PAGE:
Michael Barr recently [September, 2010] wrote a column on The Sad State of Embedded Software Process, which tells us that the first embedded system was done about forty years ago, and we still are doing a collectively poor job at building them.
Perhaps there is a connection to using a forty year old language,with not having any great improvements in reliability after forty years?
Why can't any modern language gain significant traction in the Embedded Space? Whom has the clout to develop and promote a new, safe, language for limited resource hard real time (dead line can not be missed without catastrophic consequences) Embedded Systems that will actually gain traction?
I do not have those answers. I'm sure I could come up with a language, as I'm sure you could too, but how to get it used is the question?
Some of the 'safest' languages don't even make VDC's list, unless they are perhaps grouped into the 'Other' category of 11.5%, languages like Esterel and Erlang for example.
To me Esterel seems to be the most obscure language that is used in the most safety critical applications such as flight controls and railroad safety. Esterel has the company Esterel Technologies behind it, as well as an Open Source implementation of an Esterel Compiler. To get a feel of what it is like at the top end of the Safety Critical scale check out some of the Webinars such as Software and Hardware Foundations for Safety Critical.
Next in my obscure list of safe languages would be Erlang. Erlang runs a large percentage of the worlds telephone network, and is considered a 'soft' real time system (dead line can be missed without catastrophic consequences). There has been no larger and longer running networked system than the telephone company. I'm always amused to see such things as 'new' networking technologies rediscovering and reinventing problems and solutions that Erlang solved over a decade ago.
Because Erlang almost has what I'm looking for such as being small (in the sense of running on small micros), and meeting hard real time deadlines, Erlang is the one Functional Language that I play with the most, but does not meet those two criteria.
- Functions have no side effects; a function can not change a global variable for exmple.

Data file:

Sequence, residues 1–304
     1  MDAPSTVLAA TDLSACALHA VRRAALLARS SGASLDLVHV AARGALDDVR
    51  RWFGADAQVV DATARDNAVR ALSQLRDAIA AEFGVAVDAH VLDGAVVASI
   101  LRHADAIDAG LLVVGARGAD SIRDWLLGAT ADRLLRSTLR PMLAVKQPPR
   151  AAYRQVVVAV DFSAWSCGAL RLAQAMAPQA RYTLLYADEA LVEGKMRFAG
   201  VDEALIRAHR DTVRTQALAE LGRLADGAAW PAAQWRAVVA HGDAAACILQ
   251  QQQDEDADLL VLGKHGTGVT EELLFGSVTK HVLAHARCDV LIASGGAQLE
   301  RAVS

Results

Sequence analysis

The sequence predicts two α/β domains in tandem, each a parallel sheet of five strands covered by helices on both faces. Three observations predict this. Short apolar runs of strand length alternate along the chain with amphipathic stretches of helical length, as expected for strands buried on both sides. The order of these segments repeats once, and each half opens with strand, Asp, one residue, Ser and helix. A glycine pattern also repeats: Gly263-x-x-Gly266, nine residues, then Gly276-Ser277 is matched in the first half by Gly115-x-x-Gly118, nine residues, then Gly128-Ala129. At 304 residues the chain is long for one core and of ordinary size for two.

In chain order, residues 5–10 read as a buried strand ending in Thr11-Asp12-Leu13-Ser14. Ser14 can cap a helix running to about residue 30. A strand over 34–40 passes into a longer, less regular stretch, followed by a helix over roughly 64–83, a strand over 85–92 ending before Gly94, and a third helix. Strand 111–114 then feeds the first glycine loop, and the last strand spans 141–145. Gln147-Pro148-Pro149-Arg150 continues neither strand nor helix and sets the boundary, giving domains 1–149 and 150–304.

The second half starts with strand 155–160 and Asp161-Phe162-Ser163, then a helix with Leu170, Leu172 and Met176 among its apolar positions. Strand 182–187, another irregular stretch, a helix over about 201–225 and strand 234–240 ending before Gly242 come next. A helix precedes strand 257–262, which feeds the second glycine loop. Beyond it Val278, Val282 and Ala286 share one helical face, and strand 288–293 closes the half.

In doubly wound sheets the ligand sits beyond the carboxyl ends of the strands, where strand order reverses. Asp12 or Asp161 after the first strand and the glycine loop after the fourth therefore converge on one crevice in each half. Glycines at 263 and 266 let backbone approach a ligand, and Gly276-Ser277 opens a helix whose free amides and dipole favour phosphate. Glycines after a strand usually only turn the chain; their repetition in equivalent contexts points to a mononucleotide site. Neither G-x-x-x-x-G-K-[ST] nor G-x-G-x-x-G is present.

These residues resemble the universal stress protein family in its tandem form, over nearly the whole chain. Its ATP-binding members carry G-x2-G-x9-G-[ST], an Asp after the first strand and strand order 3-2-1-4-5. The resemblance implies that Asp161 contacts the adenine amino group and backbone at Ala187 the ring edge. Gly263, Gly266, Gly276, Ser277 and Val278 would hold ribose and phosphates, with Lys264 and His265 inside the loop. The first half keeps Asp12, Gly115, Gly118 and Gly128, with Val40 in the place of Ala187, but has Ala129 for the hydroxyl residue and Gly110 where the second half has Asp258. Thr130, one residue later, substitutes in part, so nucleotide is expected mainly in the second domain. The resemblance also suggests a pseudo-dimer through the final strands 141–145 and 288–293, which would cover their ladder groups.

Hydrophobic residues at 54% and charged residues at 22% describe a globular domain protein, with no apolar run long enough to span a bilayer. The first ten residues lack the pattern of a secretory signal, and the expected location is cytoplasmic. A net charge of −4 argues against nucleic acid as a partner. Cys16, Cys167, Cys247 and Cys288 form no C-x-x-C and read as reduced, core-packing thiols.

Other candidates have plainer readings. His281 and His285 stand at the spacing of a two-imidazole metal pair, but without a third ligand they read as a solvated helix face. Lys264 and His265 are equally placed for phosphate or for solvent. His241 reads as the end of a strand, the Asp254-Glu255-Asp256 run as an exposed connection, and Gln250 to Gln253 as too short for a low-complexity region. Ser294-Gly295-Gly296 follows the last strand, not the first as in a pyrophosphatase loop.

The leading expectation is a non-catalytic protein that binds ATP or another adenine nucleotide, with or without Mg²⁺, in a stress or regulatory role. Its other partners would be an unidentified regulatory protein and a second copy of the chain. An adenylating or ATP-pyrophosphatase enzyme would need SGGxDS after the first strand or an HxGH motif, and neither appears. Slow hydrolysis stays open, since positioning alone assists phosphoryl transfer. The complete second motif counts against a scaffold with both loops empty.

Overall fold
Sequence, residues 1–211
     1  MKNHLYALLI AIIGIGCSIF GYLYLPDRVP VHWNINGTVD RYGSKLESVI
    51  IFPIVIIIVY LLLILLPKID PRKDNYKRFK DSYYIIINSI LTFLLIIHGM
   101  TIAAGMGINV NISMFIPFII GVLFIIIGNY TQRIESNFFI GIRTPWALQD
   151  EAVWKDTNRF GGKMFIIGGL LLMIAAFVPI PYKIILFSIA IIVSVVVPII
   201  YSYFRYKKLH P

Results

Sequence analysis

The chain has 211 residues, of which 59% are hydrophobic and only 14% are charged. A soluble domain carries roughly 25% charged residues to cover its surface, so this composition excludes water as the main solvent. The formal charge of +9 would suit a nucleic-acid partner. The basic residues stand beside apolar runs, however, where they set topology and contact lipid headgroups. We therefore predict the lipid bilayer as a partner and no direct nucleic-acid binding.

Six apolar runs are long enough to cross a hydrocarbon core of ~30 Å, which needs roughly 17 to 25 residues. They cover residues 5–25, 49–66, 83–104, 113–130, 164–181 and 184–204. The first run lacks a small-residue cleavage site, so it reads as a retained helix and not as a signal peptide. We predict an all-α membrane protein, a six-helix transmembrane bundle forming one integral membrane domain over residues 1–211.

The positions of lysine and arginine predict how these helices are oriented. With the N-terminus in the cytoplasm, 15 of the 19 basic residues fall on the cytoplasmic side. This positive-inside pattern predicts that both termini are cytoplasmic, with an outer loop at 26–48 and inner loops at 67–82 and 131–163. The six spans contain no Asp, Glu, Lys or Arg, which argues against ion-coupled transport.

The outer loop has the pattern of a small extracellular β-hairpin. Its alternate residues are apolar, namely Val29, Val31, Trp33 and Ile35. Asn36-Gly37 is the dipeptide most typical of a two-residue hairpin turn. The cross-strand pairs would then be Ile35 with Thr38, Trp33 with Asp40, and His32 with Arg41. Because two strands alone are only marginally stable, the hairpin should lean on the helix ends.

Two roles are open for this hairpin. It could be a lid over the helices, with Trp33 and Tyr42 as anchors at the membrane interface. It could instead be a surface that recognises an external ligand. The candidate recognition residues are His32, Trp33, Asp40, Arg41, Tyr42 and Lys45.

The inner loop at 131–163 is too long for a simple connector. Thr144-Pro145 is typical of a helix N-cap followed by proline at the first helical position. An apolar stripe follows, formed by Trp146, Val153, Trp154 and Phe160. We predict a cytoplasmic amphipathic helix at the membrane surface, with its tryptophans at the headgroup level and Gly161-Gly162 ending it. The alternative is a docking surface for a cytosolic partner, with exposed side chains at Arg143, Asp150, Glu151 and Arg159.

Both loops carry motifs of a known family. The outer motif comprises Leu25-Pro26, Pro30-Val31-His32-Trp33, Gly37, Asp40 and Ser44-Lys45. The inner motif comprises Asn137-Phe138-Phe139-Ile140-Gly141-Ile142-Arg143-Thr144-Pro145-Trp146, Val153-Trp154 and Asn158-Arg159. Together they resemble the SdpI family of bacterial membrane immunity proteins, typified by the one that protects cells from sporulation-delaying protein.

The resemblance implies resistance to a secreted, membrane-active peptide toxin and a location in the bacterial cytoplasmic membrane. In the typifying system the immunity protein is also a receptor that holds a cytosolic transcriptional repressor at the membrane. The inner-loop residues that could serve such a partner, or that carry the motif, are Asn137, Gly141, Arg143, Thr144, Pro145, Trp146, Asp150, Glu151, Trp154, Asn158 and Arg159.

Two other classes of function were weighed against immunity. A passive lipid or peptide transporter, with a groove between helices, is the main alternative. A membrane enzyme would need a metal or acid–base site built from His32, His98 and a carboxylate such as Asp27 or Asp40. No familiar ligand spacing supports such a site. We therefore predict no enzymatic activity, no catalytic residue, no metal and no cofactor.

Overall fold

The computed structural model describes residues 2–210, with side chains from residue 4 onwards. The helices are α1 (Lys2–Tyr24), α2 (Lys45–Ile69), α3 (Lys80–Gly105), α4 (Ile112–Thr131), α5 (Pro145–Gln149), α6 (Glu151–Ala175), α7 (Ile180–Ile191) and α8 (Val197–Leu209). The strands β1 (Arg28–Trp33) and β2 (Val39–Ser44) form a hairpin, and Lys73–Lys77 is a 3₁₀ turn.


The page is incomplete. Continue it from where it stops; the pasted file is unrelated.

- Data is immutable. Variables are single assignment; Variables don't change value after being set the first time.
Eliminating side effects can make it much easier to understand and predict the behavior of a program, because you are never asking yourself questions like "What is the value of X right now?", X can only be assigned once, so you always know its value.
Professor Stephen A. Edwards whom is a tenured associate professor in the Computer Science Department of Columbia University, once told me that freshman students to his class that had no programming experience picked up Functional Languages, and languages like Esterel quickly, while people that had experience with programming languages such as 'C', struggled to make the transition. Variables that never vary their value can be tough to get your mind around at first, if you programmed in 'C'.
Functional Languages where destined to live in obscurity until this week [Nov. 5th, 2010] when Don Syme of Microsoft announced that the F# Compiler plus Library Source Code is now available as a free download.
While F#,which has its roots in Objective CAML, has little hope of running on a microprocessor based Embedded System, Functional Languages just got a big push in to being more main stream with potential integration to things like Visual Studio. It is my hope that soon there will be a micro friendly Functional Language, that gains widespread adoption.
Will Functional Languages save us? We can only hope.
In closing it is worth mentioning that UML comes in at 5.8% on the VDC report, so I thought I'd mention Miro Samek's new graphical modeling tool QM, that I'm just starting to learn myself. The QM tool is available now for a free download and free, unrestricted use.